***

“Here’s the bottom line,” Musachio said. “When Ian got out of intensive care, there was nothing that was going to stop Ian Yetsko from playing baseball again. And that’s his personality. This is a young man who in high school was undersized, wasn’t a very fast runner. He was average at best across the board as a junior. And he just willed himself into being a player that we had to take.”

Once his injury wasn’t life-threatening, that was Yetsko’s green light.

“He’s become one of the best leaders that we’ve ever had here,” Musachio said. “He doesn’t take a pitch off. He challenges his teammates to be better. He understands the importance of every pitch and understands the importance of being present emotionally and mentally. He’s really an old soul. He has a true understanding of the process of excellence. We love that he’s here and we’d love to have him for three more years…. He’s going to be a huge success in whatever he does, I have no doubt in my mind.”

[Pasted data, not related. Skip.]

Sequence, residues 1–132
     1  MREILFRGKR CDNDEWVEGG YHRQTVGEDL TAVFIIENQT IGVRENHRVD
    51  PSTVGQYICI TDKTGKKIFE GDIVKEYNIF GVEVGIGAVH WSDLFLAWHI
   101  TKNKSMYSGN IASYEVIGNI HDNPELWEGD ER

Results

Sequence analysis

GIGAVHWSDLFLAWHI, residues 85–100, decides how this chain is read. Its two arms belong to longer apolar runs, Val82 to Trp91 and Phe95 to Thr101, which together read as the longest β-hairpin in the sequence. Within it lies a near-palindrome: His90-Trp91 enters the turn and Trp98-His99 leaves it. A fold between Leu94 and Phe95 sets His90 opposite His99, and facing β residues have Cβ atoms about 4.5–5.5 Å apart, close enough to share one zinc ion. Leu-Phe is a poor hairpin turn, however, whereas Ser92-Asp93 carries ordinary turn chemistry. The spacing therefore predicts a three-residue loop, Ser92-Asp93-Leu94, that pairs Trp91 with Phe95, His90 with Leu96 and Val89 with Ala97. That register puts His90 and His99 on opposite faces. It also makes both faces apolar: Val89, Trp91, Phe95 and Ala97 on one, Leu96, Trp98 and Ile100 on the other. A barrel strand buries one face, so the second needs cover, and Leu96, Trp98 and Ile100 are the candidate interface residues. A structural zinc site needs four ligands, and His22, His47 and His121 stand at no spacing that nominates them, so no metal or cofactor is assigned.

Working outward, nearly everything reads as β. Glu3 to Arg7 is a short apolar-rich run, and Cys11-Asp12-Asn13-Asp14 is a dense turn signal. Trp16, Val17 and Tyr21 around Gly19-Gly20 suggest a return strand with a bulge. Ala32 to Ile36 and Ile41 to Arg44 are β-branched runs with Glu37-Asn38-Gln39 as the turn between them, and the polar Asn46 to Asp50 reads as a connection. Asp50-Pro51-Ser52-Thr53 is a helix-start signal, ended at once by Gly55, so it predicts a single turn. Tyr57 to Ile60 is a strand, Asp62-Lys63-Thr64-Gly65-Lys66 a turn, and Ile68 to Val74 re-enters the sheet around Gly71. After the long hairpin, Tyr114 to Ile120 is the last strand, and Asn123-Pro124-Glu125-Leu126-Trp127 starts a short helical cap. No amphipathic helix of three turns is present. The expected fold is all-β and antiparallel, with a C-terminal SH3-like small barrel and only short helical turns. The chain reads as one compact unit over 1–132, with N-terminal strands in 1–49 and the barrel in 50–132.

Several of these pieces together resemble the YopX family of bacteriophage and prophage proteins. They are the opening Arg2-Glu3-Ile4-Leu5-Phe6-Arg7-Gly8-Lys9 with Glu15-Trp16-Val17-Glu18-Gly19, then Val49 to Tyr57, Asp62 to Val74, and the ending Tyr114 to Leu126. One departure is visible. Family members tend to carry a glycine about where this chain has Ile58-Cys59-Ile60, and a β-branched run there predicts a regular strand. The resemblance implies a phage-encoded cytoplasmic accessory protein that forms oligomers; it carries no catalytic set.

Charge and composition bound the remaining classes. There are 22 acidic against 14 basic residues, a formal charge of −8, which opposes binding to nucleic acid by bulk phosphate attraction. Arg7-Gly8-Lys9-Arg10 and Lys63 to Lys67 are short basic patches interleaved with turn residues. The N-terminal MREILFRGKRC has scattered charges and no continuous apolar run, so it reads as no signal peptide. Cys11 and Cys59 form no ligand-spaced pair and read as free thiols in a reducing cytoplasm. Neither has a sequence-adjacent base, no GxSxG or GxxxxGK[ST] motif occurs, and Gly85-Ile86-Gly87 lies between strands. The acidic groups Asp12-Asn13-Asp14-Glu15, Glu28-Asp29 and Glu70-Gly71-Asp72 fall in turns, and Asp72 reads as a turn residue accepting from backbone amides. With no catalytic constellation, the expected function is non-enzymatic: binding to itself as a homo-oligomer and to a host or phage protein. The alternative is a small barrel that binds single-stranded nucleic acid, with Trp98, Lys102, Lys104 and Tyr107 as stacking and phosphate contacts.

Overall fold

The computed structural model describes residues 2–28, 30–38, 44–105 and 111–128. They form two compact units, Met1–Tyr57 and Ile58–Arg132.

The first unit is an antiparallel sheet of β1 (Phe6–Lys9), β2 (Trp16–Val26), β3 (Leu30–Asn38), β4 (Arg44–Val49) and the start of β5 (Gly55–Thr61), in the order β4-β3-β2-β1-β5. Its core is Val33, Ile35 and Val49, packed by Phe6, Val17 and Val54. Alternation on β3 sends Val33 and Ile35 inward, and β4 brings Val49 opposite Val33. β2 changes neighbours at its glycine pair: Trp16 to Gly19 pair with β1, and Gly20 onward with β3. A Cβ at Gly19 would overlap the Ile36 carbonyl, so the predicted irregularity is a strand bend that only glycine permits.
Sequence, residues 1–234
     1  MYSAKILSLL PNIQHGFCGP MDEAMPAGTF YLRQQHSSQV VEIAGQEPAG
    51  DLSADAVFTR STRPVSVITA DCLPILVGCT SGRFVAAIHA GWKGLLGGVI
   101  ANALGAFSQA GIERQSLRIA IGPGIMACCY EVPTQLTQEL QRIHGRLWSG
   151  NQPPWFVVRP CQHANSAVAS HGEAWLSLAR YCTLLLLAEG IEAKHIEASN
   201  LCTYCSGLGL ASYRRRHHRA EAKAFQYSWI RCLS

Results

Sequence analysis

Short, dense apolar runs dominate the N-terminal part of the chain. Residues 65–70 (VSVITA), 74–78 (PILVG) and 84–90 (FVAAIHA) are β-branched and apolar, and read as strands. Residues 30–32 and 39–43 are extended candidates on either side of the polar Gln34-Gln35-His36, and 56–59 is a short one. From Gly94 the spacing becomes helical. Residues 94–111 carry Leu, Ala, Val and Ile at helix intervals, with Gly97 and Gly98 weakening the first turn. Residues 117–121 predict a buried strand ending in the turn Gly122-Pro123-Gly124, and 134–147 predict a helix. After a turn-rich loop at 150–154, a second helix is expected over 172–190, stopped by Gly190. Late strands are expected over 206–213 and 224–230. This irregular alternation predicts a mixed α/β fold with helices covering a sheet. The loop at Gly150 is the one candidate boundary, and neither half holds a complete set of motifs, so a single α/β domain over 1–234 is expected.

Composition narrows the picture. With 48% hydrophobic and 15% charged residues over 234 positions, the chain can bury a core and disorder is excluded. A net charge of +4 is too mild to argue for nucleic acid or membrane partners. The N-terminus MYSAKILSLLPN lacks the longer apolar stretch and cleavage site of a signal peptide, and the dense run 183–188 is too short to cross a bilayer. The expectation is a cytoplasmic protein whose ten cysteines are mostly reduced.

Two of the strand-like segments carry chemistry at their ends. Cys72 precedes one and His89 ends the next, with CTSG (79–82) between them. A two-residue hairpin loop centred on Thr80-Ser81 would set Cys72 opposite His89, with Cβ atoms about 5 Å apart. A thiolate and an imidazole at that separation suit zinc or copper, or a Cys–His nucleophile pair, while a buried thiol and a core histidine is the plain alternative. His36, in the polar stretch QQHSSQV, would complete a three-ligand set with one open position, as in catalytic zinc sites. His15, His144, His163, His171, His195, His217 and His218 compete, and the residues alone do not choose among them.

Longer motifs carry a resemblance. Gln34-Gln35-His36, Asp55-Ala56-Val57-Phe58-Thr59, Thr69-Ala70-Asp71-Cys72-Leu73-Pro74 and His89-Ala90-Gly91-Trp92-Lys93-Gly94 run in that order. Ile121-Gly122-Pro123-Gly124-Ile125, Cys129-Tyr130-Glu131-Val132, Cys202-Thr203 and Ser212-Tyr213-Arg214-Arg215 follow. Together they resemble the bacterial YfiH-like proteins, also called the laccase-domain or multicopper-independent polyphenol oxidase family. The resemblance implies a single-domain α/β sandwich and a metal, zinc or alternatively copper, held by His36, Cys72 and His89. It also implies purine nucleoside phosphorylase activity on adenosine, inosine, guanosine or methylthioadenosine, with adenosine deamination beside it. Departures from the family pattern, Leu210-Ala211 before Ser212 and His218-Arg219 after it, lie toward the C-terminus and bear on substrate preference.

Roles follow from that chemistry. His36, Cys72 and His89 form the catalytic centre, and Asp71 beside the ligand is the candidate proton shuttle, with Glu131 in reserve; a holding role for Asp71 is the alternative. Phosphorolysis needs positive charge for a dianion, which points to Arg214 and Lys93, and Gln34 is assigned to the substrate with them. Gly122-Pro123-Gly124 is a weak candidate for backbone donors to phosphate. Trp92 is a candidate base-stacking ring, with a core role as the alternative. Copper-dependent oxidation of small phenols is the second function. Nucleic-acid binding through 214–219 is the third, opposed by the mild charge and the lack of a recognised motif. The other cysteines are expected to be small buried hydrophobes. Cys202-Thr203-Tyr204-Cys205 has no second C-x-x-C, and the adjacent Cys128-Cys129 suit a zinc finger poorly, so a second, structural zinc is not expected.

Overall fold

The closest thing to Yetsko would be Justin Wilson (class of 2009), who was a freshman when Musachio was in his first year assistant coaching.

“Justin was an animal,” he said. “He was relentless.”

So, why? Why do they choose to be that way?

“I wish I knew,” Musachio said. “Cause I’d get more of them. I’d clone ’em.”

One thing is sure: Yetsko earned the chip on his shoulder.

“And I say that in a positive way,” Musachio said. “He has that edge to him where he knows he’s going to go out and get everything. He’s definitely not a guy that’s going to sit in a hammock, lay back and expect things to come to him.”

He was saying this back in May, when there were about three weeks left in the regular season. Musachio expected the exact same Ian Yetsko during the countdown.

He admitted the transition might be a little tough.

“It’s so sudden,” Musachio said. “When that last game is over, it’s over. Instantly.”

Yetsko is an emotional leader, and the finality would be a challenge. However:

“Ian has had plenty of challenges in his life that are tougher than this transition coming up, so I think Ian’s going to handle it the way he always has, and he’s going to be just fine.”

***

And there he was on May 21. Yetsko followed Tyler Pagano, who he thought would walk off, just as he had earlier in the season.

Yetsko and his roommate Brett Impemba had been talking the day before. Impemba thought the game would come down to one of them.

So Yetsko stepped into the box with bases loaded and smiled.